Generally, the term "antimony", as used in this disclosure, refers to any suitable antimony source. Examples of some inorganic antimony compounds which can be used include, but are not limited to, antimony oxides such as antimony trioxide, antimony tetroxide and antimony pentoxide; antimony sulfides such as antimony trisulfide and antimony pentasulfide; antimony selenides, such as antimony triselenide; antimony telurides such as antimony triteluride; antimony sulfates such as antimony trisulfate; antimonic acids such as metaantimonic acid, orthoantimonic acid and pyroantimonic acid; antimony halides such as antimony trifluoride, antimony trichloride, antimony tribromide, antimony triiodide, antimony pentafluoride and antimony pentachloride; antimonyl halides such as antimony chloride and antimonial trichloride; antimonides such as indium antimonide; and the like. Furthermore, organic polymers containing antimony can be employed as the organic antimony compound. In addition to carbon and hydrogen, the organic antimony compound can contain elements such as oxygen, sulfur, nitrogen, phosphorus or the like. Examples of some organic antimony compounds which can be used in the preparation of the novel passivating agent provided in this invention include, but are not limited to, antimony carboxylates such as antimony triformate, antimony trioctoate, antimony triacetate, antimony tridodecanoate, antimony trioctadecanoate, antimony tribenzoate, and antimony tris(cyclohexanecarboxylate); antimony thiocarboxylates such as antimony tris(thioacetate), antimony tris(dithioacetate) and antimony tris(dithiopentanoate); antimony thiocarbonates such as antimony tris((O-propyl dithiocarbonate); antimony carbonates such as antimony tris(ethyl carbonate); trihydrocarbylantimony compounds such as triphenylantimony; trihydrocarbylantimony oxides such as triphenylantimony oxide; antimony salts of phenolic compounds such as antimony triphenoxide; antimony salts of thiophenolic compounds such as antimony tris(thiophenoxide); antimony sulfonates such as antimony tris(benzenesulfonate) and antimony tris(p-toluenesulfonate); antimony carbamates such as antimony tris(diethylcarbamate); antimony thiocarbamates such as antimony tris(dipropyldithiocarbamate), antimony tris(phenyldithiocarbamate) and antimony tris(butylthiocarbamate); antimony phosphites such as antimony tris(diphenyl phosphite); antimony phosphates such as antimony tris(dipropyl phosphate); antimony thiophosphates such as antimony tris(O,O-dipropyl thiophosphate) and antimony tris(O,O-dipropyl dithiophosphate) and the like. Mixtures of any two or more applicable substances comprising antimony can be employed. Generally, the antimony compound comprises antimony oxide compounds. Preferably, antimony compound comprises antimony trioxide.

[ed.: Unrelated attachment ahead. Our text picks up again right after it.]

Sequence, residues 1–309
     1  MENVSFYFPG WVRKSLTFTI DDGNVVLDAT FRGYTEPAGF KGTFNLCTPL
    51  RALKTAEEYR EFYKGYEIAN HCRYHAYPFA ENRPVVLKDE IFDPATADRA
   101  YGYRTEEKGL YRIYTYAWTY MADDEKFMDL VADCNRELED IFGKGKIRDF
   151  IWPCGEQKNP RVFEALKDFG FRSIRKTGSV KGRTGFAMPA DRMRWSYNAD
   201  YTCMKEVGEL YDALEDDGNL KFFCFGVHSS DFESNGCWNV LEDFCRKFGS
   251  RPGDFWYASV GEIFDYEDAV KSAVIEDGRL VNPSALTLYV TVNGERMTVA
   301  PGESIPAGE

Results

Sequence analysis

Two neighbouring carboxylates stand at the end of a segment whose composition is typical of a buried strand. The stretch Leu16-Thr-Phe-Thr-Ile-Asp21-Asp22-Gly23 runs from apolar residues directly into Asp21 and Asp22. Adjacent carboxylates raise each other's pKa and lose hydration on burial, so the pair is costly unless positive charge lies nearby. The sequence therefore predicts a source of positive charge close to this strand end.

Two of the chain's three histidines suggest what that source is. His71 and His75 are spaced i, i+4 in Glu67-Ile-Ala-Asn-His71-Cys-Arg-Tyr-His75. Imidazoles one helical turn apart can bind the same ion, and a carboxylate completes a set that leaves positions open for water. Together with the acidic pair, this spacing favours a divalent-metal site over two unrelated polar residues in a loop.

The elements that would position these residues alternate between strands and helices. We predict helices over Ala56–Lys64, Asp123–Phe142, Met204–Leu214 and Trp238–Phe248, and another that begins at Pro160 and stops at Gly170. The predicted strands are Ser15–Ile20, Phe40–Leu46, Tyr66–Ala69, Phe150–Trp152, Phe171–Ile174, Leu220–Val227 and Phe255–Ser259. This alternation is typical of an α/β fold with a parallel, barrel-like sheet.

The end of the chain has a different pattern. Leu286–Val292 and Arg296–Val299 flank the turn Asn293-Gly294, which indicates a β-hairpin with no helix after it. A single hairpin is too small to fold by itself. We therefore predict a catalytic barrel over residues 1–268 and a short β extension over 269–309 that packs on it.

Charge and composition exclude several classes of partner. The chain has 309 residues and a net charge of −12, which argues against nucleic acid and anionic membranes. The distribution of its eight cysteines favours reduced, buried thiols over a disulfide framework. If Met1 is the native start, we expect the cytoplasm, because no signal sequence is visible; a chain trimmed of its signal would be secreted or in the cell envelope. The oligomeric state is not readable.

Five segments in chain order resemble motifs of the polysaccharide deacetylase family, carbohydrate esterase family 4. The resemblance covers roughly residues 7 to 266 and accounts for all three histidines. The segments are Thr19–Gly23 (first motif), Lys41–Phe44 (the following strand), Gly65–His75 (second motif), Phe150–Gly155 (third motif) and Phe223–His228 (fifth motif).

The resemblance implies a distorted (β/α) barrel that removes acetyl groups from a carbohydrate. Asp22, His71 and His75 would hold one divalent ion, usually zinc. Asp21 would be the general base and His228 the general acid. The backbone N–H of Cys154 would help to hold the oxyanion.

As used herein, the term "antimony treating agent" is intended to include elemental antimony or a compound thereof as described above.
The form in which lithium is present in or on the cracking catalyst or is employed in the preparation of the antimony/lithium-containing cracking catalyst is also not critical. Any suitable form of lithium which, when combined with an antimony compound promotes the passivation affects of either component separately, can be employed. Thus, elemental lithium, inorganic lithium compounds and organic lithium compounds, as well as mixture thereof, are suitable sources of lithium.
Generally, the term "lithium", as used in this disclosure, refers to any suitable lithium source. Examples of some lithium compounds which can be used include, but are not limited to, lithium metal, lithium acetate, lithium benzoate, lithium nitrate, lithium carbonate, lithium hydroxide, lithium oxide, n-butyl lithium, lithium butoxide, lithium diphenylphosphide or any lithium compound convertable to the oxide. Mixtures of any two or more applicable substances comprising lithium can be employed. Preferably the hydrocarbon soluble form of lithium may be used. More preferably n-butyl lithium can be used.
As used herein, the term "lithium treating agent" is intended to include elemental lithium or a compound thereof as explained above.
Any suitable weight ratio of antimony to lithium which provides passivation of contaminating metals can be used. In general, this ratio of antimony compound to lithium compound will be wherein the range of from about 4:1 to about 0.25:1, and preferably, in the range of from about 2:1 to about 0.50:1.
Any suitable concentration of passivating agent may be used. In general, the antimony will be present in such amount as to provide a concentration of antimony in the range from about 0.05 to about 0.50, and preferably, in the range from about 0.10 to about 0.20 weight-percent, of antimony in or on the cracking catalyst, this percentage being based on the weight of cracking catalyst prior to treatment with the passivating agent. Similarly, the lithium will generally be present in such amount as to provide a concentration of lithium in the range from about 0.03 to about 0.50, and preferably in the range from about 0.07 to about 0.20 weight-percent, based on the weight of the cracking catalyst prior to treatment with the passivating agent of this invention. The amount of antimony and lithium which is most desirable in or on the cracking catalyst will vary according to the effective level of contaminating metals on the catalyst, with higher values of antimony and lithium being desired for higher effective values of contaminating metals.